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Amidst the slick, several-hour production that was the Bloom Energy launch event, which included a machine gun of celebrity endorsements (Gen. Colin Powell, Sen. Dianne Feinstein, VC Vinod Khosla, Mayor Michael Bloomberg) and a displaying of the refrigerator-sized fuel cell — the Bloom Box, itself — there was one notion that kept emerging: the idea that Bloom could be the Google of greentech. In the way that Google changed the web game and made a lot of its investors money in the process, Bloom could change the energy game and be one of the first greentech firms to bring riches to its backers — at least that’s what many at the event were talking about and hoping for.
Kleiner Perkins Caufield Byers venture capitalist John Doerr, who led an investment in Bloom Energy and also in search engine giant Google, made the comparison as he took the stage during the launch event on the eBay (s EBAY) campus. “This is like the Google IPO,” said Doerr. Presumably, he meant the excitement and anticipation in the room, but also the potential for the type of returns that Bloom could bring to Kleiner.
For Kleiner, of course, Bloom is ultimately about Google-style money-making. Bloom could be Kleiner’s first homerun in its cleantech portfolio — something it sorely needs after making dozens of investments and having little, to no, exits in the space. Doerr has previously said that the eight-year-old Bloom will take “nine years to a successful public offering,” so clearly an IPO is in the minds of the investors. At the Bloom launch event, when a reporter asked Doerr if “Bloom is the next Google,” Doerr replied “I hope so.”
Will Bloom’s investors be able to make the kind of money off of Bloom that they made off of Google? Bloom has clearly taken — and will continue to take — a lot more money than Google to reach scale. Doerr said last year that it took Google $25 million to get to an IPO, and it had already taken Bloom $250 million to get to where it was last November when Doerr made that statement (since then it has raised close to $400 million in total).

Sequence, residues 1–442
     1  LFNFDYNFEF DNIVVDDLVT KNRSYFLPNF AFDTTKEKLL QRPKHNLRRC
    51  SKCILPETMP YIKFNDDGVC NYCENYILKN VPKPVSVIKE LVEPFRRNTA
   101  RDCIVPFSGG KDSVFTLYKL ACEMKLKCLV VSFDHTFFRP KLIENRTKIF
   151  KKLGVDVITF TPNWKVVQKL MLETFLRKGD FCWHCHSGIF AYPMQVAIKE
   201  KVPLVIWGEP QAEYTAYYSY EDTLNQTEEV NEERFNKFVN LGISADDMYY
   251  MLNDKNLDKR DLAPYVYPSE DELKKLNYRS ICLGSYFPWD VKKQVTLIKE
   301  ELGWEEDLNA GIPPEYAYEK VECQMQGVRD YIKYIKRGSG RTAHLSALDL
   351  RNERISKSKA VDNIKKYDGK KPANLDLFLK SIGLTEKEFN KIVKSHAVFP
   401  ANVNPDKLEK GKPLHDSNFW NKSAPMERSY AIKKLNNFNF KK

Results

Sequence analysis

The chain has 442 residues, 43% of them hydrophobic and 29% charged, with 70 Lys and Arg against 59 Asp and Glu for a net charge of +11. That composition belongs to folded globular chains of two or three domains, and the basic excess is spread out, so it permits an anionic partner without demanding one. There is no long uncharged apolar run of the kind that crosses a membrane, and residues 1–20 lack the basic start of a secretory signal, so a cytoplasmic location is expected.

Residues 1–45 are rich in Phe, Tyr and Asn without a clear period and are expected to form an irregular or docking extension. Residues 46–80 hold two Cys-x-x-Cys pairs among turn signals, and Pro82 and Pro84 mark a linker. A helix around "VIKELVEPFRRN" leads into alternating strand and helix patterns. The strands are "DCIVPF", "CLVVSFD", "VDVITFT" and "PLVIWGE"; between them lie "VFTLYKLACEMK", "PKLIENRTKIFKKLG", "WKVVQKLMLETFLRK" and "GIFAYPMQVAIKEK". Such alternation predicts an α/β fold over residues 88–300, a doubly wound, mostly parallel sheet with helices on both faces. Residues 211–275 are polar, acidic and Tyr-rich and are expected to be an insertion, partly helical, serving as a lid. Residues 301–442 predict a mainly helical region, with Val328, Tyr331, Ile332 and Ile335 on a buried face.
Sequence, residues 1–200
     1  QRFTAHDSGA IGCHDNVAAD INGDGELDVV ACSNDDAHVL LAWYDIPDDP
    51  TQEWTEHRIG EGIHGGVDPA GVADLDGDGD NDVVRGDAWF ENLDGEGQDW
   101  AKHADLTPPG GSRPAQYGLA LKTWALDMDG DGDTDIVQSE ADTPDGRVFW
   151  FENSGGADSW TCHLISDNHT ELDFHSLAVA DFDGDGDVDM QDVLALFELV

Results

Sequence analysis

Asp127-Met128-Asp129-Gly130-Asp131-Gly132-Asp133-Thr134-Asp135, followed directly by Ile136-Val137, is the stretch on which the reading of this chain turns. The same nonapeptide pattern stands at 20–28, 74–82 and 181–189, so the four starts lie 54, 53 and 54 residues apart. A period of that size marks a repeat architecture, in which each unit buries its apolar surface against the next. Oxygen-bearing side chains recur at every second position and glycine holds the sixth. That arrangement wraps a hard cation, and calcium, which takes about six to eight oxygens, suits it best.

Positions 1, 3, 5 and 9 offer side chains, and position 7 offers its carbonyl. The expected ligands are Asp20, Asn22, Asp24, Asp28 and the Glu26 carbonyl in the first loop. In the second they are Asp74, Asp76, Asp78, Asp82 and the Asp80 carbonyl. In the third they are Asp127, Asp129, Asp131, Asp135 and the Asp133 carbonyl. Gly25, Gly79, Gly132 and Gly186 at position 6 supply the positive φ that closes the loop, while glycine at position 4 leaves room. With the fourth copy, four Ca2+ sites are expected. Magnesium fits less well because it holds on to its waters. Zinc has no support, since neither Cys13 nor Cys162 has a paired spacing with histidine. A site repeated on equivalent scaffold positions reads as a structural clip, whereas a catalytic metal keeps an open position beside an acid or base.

But the market for energy is ultimately bigger than the Internet — in the trillions rather than the billions as Doerr likes to say. That’s what Bloom’s investors are betting on. That they might have to put more in, wait a lot longer, and get a smaller slice, but that a smaller piece of a larger pie will be worth it. If there was a “Google of greentech,” equivalent, that’s probably what it would look like.
Industry Game Changer?
If Bloom is able to deliver on some of its claims — and cut its costs — it could possibly make the kind of change in the energy industry that Google has made on the web. Bloom founder KR Sridhar and General Colin Powell (Bloom board member) spoke at length at the launch event, about how they could see Bloom boxes powering homes and businesses throughout the developed and the developing world, from rural Africa to the rapidly growing middle class in China. Distributed power that is cheaper than the grid, and cheaper and easier than other renewables, could be a real game changer.